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Incident where Glenville officer shot called 'suicide by cop'

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"Lot of people knew him as a good person, and he probably was a very good person, but that night there was a different person that we dealt with," said Glenville Police Steve Janik.

A more clear picture given by Glenville, Scotia, and State police Friday into what led up to the death of Brian Skinner back in July.

Police say the 32-year-old was shot six times and killed by officers at his home on Pashley Road in Glenville.

They say Skinner's autopsy ruled his cause of death as suicide by cop.

"This is the last thing that we want to have to see, the last thing we want to have to do, or be forced to do," Janik said.

"Unfortunately, many times, and we're seeing that more and more lately, officers are put in a position where they have to use deadly physical force, and that was the case here," added Scotia Police Chief Pete Frisoni.

Police say the incident began with a call for a domestic dispute. Both Glenville and Scotia officers responded and were outside his home when police say Skinner came out the front door wielding a knife.

Police say officers gave repeated orders for him to drop knife, but they say Skinner charged at them in a menacing manner. That's when police say officers fired, and killed Skinner.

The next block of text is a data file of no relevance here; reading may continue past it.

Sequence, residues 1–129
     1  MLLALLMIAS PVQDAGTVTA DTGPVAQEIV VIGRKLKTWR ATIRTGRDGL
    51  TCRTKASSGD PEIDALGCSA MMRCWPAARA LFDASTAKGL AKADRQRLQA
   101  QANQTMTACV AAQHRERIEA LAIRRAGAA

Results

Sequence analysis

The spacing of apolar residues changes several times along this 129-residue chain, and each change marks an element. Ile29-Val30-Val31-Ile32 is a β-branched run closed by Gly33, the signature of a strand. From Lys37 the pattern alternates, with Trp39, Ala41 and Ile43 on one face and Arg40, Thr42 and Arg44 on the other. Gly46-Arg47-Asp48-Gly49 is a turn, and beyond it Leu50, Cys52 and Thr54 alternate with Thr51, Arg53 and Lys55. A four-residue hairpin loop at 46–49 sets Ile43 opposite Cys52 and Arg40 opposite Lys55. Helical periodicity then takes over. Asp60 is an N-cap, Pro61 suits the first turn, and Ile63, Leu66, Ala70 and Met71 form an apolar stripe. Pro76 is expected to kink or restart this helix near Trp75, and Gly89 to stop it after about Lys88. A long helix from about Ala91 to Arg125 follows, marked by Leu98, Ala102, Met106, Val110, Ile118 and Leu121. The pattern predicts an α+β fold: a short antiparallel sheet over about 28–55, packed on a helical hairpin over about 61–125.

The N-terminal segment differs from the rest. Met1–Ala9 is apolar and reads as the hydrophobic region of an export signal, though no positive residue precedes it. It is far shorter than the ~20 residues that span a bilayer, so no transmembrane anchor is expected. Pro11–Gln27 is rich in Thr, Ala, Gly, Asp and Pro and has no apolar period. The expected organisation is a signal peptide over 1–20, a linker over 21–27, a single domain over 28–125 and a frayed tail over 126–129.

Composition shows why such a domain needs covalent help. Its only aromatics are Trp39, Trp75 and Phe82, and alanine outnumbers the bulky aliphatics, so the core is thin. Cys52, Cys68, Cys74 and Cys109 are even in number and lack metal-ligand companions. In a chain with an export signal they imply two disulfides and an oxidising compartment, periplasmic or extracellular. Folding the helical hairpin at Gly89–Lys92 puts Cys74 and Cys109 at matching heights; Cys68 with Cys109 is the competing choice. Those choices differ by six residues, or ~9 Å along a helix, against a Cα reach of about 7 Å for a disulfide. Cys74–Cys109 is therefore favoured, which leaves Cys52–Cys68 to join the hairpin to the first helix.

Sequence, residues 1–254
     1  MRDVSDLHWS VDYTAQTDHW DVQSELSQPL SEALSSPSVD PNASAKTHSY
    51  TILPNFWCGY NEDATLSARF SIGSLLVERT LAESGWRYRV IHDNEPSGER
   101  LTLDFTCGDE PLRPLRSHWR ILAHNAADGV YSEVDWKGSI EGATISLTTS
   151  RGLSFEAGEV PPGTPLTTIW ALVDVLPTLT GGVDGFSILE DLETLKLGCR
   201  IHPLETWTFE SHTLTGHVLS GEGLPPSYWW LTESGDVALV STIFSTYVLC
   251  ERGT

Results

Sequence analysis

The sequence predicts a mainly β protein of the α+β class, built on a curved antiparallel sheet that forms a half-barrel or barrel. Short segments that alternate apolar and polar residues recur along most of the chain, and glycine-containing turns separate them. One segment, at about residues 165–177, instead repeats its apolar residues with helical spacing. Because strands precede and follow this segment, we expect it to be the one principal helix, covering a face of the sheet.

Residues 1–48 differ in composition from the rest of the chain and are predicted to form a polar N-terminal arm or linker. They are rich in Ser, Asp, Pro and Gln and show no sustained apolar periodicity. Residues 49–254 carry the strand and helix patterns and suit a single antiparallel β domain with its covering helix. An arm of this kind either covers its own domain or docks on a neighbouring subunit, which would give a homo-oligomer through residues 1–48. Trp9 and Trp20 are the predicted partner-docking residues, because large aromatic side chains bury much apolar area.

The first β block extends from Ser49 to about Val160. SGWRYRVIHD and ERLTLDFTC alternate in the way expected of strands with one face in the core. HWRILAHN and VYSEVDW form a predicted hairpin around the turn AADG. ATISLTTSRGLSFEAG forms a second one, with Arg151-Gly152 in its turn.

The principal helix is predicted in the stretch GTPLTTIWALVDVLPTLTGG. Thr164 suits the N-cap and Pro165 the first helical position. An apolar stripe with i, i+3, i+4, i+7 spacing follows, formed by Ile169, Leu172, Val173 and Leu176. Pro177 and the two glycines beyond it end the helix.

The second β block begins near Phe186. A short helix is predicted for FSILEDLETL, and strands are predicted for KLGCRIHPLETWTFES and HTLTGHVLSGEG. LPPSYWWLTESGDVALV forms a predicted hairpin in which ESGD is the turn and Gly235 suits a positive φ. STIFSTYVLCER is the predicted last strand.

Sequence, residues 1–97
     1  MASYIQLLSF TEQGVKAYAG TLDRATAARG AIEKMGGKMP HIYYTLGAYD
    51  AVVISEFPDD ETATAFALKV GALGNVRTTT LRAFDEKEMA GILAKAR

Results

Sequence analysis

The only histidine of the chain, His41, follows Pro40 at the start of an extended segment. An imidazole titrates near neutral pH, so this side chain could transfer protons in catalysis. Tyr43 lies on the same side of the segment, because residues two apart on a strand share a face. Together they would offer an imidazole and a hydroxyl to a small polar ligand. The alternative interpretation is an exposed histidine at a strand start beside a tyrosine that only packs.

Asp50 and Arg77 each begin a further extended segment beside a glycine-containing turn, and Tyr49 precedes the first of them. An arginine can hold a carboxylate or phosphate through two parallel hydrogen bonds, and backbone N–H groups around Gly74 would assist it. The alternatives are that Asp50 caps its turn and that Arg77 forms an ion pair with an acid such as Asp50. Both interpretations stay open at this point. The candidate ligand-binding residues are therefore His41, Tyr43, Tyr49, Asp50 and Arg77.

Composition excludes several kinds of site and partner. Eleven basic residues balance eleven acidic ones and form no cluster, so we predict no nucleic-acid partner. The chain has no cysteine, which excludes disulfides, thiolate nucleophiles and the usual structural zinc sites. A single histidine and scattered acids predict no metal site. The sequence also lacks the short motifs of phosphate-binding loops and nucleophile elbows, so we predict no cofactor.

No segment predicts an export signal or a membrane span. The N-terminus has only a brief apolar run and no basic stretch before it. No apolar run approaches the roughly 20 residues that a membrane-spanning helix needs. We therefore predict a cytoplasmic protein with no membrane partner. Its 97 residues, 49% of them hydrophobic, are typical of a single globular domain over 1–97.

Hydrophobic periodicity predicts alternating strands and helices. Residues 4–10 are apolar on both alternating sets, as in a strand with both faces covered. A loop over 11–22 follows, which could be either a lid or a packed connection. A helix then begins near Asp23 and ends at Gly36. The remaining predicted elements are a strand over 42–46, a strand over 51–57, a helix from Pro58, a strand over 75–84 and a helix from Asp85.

"During the law enforcement weapon discharge, Glenville Police Officer Benjamin Ferretti was struck one time in the lower abdomen area with the projectile exiting his back," said New York State Police Captain Richard O'Brien.

Officer Ferretti is continuing to recover, and so are the other officers involved. Police say they have all accepted counseling to cope with everything that happened.

Now officials are urging anyone who is thinking of suicide, to get help.

"There's treatment available and we hope that people would avail themselves of those treatment options and not end your life, and certainly not choose to end your life by making police do that for you," said Robert Carney, Schenectady County District Attorney.

Police say they found Skinner was the only one home at the time of the incident and investigators found no evidence of a domestic dispute.

They have still not determined whose gun fired the bullet that struck Officer Ferretti.

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